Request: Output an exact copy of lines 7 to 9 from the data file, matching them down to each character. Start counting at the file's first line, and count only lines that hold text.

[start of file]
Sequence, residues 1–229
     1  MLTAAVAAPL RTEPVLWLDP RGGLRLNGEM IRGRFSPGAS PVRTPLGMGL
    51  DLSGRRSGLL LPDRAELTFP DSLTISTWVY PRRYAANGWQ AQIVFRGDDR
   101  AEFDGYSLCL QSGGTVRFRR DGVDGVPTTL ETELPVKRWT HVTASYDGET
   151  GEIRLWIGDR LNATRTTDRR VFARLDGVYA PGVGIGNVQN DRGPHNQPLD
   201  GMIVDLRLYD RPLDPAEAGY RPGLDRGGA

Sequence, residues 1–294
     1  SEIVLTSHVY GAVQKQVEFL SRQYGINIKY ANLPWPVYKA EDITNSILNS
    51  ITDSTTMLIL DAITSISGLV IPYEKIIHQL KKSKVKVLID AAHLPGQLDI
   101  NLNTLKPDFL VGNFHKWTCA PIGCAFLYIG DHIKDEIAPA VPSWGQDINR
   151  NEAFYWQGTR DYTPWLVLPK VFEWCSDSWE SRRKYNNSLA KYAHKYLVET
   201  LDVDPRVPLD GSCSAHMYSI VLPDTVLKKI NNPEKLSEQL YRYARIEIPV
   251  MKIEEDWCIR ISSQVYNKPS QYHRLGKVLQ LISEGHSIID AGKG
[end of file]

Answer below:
Sequence, residues 1–294
     1  SEIVLTSHVY GAVQKQVEFL SRQYGINIKY ANLPWPVYKA EDITNSILNS
    51  ITDSTTMLIL DAITSISGLV IPYEKIIHQL KKSKVKVLID AAHLPGQLDI